“I’m playful; I use the meridians of longitude and the parallels of latitude for a seine, and drag the Atlantic Ocean for whales. I scratch my head with lightening and purr myself to sleep with the thunder.” – Mark Twain
“I like the sound of it: “Be a stormchaser at Stormfield,” Kristine Thatcher told the audience at the last weekend performance in October of mid-Michigan’s newest professional theater, Stormfield, which she founded in Lansing, MI. Thatcher is artistic director at Stormfield Theatre (located in the Frandor Shopping Center at 201 Morgan Lane). So, with that request, I’m out passing the word along, to be a stormchaser at Stormfield.
Being among friends, enjoying the theatre’s first big production, Among Friends, was delightful. The play, written and directed by Thatcher, came alive with the three-man cast: local Equity actors John Lepard and Aral Gribble, as well as Bill Bannon from Chicago.
Thatcher’s script, Among Friends, is the story of three longtime friends, Dan (Lepard) who is a real estate developer, Will (Bannon) who is a school teacher, and Matt (Gribble), an appliance salesman at Sears.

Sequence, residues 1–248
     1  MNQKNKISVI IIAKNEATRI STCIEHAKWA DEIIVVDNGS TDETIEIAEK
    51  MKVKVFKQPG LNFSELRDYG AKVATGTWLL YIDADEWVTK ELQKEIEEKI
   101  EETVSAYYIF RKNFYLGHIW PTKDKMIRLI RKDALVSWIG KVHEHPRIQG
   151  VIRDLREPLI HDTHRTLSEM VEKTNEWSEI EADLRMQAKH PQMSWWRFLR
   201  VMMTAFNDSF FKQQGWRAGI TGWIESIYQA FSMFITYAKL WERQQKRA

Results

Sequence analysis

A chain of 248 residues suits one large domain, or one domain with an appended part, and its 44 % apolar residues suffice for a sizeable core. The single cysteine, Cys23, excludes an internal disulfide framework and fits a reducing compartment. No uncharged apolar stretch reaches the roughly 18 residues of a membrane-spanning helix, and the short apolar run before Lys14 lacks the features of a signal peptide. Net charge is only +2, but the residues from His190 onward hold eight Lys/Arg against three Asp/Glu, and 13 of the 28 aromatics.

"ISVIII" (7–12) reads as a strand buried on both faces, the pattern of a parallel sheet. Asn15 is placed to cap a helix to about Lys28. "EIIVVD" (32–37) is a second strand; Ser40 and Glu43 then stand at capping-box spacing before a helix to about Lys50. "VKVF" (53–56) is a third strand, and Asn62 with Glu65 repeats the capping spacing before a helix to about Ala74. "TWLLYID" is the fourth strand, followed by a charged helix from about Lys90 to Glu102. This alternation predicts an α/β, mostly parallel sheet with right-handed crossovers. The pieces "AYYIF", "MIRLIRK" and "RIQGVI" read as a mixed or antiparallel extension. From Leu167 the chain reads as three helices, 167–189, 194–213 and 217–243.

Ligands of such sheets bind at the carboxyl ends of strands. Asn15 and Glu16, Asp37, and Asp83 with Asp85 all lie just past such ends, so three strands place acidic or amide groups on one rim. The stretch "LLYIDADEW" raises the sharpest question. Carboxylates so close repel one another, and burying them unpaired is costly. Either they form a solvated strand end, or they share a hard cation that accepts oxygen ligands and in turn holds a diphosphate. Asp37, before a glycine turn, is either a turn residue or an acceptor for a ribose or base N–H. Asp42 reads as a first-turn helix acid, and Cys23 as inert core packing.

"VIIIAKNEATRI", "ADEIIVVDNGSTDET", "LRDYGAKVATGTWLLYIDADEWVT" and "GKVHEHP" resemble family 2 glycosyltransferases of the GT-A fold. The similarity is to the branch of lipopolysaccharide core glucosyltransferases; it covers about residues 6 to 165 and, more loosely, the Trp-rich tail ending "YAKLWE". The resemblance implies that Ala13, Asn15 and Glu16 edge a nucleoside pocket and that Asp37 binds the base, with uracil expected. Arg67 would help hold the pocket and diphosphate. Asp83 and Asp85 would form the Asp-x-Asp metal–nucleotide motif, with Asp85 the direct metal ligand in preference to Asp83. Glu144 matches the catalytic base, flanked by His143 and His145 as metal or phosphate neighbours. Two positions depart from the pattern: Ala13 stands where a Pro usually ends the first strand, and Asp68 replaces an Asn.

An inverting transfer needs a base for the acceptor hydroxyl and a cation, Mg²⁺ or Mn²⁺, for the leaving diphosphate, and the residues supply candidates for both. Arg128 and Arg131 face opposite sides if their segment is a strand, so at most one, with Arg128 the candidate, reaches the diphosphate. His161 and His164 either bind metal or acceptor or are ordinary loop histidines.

Encore Michigan, in a review, outlines the story well:
“Dan is by far the most successful of the three and appears to be a model citizen. But when Will surreptitiously discovers the lionized Dan cheating at cards, he decides to explore exactly how deeply the rot goes. Both funny and poignant, Among Friends plumbs the nature of friendship and the jealousy and resentment that sometimes lie just beneath the surface.
My husband and I, along with our friends, were familiar with Lepard, who is also director of the Williamston Theatre, which previously held the title for the newest professional theatre in mid-Michigan, having been founded in 2006. We’d followed Lepard’s career there, and had seen Gribble in a production there.
Thatcher couldn’t have had three better actors for the roles of the three friends. We came away, transfixed, to put it boldly.
Among the four of us, Among Friends was instantly rated: Thumbs up! For anyone who’s struggled with keeping an even keel in relationships with friends, Thatcher’s play is eye-opening, and enlightening. And all three performances made it so.